Yellen's ‘productive’ trip sparks mixed reactions in China
Experts hail increased exchanges, but warn about US protectionism
Published: Apr 09, 2024 08:44 PM
China US Photo:VCG

China US Photo:VCG

China on Tuesday stepped up its pushback against accusations of "overcapacity" brought up by US Treasury Secretary Janet Yellen during her trip to China, saying that politicizing production capacity and other economic and trade issues is counterproductive to global economic development. 

The remarks by a spokesperson for the Chinese Foreign Ministry represented the latest pushback against the issue that becomes a focus of Yellen's trip, which was described as productive but also left mixed reactions in China. 

Chinese experts hailed the trip as another positive signal for China-US efforts to stabilize ties, but questioned whether Washington will stop its protectionism under the guise of national security concerns. 

Mao Ning, a spokesperson for the Chinese Foreign Ministry, said that judging whether there is "overcapacity" should be based on global market demand and future development potential, and the solution to these problems mainly depends on the market adjusting itself according to the law of value.

"Over-politicizing and overstretching the concept of national security in economic and trade issues such as production capacity go against economic laws and are not conducive to domestic industries and the stable development of the world economy," Mao said. 

Prior to Mao's comments, various Chinese officials also responded to the accusation of "overcapacity." Liao Min, a vice minister of finance, refuted the accusation and said that China firmly opposes overstretching the concept of national security and intensifying green protectionism in some developed economies.
"This would seriously infringe on the legitimate development rights and interests of Chinese enterprises, and the Chinese side will not sit idly by," Liao said at a press briefing on the talks during Yellen's trip. He described the talks as being "in-depth, candid, pragmatic and constructive." 

Among the consensus reached during the talks was an agreement to hold in-depth discussion on balancing the growth of the two countries.

Yellen, for her part, described her trip, the second since July, as being productive. "After wrapping up my meetings, I capped off a productive trip with a visit to the Imperial College, and a microbrewery in Beijing that imports American hops for their beers - a small representation of how the [US]-China bilateral economic relationship can benefit both sides," she wrote on X, formerly known as Twitter, on Tuesday.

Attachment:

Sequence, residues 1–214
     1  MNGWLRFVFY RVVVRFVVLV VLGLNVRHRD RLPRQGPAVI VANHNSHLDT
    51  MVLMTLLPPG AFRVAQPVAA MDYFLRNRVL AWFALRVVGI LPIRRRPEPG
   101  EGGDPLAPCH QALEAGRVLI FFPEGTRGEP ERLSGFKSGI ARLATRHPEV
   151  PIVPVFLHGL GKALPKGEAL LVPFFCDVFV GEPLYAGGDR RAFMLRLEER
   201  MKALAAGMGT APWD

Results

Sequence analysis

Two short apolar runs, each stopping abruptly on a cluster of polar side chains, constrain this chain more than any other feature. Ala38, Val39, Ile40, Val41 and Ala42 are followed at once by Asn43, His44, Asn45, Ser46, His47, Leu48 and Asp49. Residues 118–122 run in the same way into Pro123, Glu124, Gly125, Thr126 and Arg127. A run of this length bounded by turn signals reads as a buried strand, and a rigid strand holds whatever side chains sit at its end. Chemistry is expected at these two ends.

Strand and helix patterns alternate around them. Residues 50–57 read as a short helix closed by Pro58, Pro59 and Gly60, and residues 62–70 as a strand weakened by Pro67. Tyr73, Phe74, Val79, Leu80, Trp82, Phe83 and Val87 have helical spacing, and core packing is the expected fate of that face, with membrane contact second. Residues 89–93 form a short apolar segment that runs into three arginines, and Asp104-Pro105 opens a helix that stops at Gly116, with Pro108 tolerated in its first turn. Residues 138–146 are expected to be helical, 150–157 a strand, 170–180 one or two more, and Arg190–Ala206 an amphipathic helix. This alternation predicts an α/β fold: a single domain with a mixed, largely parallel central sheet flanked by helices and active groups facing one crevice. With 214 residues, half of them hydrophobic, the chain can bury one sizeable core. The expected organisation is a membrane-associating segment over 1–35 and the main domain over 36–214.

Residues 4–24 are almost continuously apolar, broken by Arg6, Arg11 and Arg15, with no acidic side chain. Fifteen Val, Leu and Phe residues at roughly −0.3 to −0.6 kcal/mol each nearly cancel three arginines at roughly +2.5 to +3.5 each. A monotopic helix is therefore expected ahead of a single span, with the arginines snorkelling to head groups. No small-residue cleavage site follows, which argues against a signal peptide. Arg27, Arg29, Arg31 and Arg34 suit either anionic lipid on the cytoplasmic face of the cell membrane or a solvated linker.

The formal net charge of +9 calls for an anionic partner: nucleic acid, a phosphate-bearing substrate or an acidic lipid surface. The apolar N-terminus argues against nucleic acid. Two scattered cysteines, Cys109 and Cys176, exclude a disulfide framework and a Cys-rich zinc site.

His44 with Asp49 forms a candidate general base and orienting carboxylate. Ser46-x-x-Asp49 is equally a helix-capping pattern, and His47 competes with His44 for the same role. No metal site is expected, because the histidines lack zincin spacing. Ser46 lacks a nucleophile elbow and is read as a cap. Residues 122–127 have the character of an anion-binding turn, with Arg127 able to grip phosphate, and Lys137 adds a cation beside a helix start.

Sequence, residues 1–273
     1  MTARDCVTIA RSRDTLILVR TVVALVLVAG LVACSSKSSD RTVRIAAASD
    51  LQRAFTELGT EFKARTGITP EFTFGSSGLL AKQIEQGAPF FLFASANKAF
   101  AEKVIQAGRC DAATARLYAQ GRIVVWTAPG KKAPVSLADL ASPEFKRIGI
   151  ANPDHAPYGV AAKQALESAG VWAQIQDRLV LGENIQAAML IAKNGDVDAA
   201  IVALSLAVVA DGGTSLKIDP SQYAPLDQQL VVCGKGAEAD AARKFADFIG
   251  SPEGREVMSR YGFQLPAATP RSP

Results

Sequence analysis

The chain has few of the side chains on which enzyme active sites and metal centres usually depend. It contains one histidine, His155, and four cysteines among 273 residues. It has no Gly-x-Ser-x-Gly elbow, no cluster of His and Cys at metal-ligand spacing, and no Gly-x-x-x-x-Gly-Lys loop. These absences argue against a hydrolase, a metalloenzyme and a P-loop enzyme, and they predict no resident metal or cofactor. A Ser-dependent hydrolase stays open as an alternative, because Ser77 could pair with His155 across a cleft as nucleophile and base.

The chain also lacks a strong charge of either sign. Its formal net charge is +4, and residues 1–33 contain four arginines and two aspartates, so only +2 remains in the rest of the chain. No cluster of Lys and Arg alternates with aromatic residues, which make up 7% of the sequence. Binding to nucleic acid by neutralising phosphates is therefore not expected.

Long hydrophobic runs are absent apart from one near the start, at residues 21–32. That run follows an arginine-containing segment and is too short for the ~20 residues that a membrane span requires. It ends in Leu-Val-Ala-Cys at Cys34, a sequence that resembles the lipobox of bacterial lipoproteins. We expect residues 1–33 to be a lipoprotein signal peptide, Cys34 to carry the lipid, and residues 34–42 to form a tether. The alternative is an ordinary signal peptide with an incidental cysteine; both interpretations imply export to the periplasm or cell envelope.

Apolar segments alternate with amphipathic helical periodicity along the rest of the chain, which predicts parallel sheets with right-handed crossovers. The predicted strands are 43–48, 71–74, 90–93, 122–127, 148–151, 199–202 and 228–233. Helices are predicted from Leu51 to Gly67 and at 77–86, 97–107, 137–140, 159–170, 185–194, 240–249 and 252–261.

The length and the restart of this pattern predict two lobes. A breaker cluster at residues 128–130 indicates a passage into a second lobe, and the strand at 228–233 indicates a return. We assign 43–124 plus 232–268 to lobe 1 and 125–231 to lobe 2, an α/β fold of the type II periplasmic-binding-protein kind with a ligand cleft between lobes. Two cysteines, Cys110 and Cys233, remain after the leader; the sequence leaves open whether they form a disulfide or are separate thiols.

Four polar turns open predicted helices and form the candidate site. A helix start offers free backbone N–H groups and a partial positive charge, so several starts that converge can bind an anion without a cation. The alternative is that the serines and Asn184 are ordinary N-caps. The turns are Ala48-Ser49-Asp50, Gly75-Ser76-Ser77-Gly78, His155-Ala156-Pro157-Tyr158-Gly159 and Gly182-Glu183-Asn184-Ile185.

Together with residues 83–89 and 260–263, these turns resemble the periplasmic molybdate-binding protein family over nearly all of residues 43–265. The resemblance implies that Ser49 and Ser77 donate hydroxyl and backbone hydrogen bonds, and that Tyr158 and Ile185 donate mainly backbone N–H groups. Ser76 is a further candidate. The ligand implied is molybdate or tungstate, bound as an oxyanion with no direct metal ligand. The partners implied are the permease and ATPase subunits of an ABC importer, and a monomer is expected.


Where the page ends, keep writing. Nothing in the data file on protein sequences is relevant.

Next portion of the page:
During the trip, Yellen repeatedly said that the US does not seek to "decouple" from China, a statement that has been made publicly by many top US officials, including President Joe Biden. However, during the trip, Yellen's accusation of overcapacity drew widespread attention, along with her dining choices.

"Yellen's trip is a continuation of the trend of high-level exchanges between China and the US after the leaders' summit in San Francisco. It also reflects the overall willingness of the two countries to strengthen cooperation and reduce friction in bilateral ties," Xin Qiang, a deputy director of the Center for American Studies at Fudan University, told the Global Times on Tuesday. 

As for the real effect of Yellen's trip on China-US economic and trade ties, it will depend on the US' sincerity and concrete actions in following up on the consensus, which remains to be seen, according Xin. 

The accusation of "overcapacity" shows the long-standing US approach of blaming China for its own domestic problems and then taking protectionist actions against China under the guise of protecting US industries or national security, experts noted. 

In the case of electric vehicles, "the US itself has lagged behind in EV development and has no competitive advantage, so it wants to suppress and smear China's EV industry," Gao Lingyun, an expert at the Chinese Academy of Social Sciences who closely follows China-US trade issues, told the Global Times on Tuesday. 

Gao also said that while the exchanges are a crucial part of efforts to stabilize bilateral ties, the track record of the US in backing out on its promises raises serious questions about the effect of the trip.